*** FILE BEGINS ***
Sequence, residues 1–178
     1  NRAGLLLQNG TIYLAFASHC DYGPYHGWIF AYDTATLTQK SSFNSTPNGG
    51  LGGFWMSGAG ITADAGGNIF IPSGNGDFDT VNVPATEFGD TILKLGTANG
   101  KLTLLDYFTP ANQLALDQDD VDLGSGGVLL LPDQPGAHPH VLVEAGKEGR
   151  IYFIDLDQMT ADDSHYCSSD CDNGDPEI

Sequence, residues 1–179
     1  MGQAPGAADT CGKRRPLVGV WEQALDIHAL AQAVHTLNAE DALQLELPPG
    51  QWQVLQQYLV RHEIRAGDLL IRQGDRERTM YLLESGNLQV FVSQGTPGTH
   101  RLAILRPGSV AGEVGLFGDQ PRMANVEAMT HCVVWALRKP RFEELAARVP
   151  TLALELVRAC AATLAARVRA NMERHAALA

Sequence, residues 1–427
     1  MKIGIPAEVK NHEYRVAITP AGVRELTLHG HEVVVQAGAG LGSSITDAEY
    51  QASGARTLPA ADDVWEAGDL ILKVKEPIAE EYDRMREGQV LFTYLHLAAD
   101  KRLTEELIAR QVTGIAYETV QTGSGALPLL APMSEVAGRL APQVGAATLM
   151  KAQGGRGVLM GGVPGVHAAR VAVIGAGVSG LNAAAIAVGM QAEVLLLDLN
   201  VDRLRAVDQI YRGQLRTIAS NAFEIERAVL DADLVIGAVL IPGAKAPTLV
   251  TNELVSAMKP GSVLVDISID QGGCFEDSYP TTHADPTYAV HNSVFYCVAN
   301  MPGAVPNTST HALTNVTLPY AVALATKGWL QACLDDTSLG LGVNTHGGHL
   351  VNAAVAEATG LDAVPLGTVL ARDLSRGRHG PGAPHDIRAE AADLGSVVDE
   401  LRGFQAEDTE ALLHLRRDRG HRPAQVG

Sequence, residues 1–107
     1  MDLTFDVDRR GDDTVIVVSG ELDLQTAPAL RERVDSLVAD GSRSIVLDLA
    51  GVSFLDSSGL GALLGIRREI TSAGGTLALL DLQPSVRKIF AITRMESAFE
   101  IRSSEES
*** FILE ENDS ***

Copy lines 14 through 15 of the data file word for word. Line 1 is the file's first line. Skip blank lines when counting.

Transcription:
   101  KRLTEELIAR QVTGIAYETV QTGSGALPLL APMSEVAGRL APQVGAATLM
   151  KAQGGRGVLM GGVPGVHAAR VAVIGAGVSG LNAAAIAVGM QAEVLLLDLN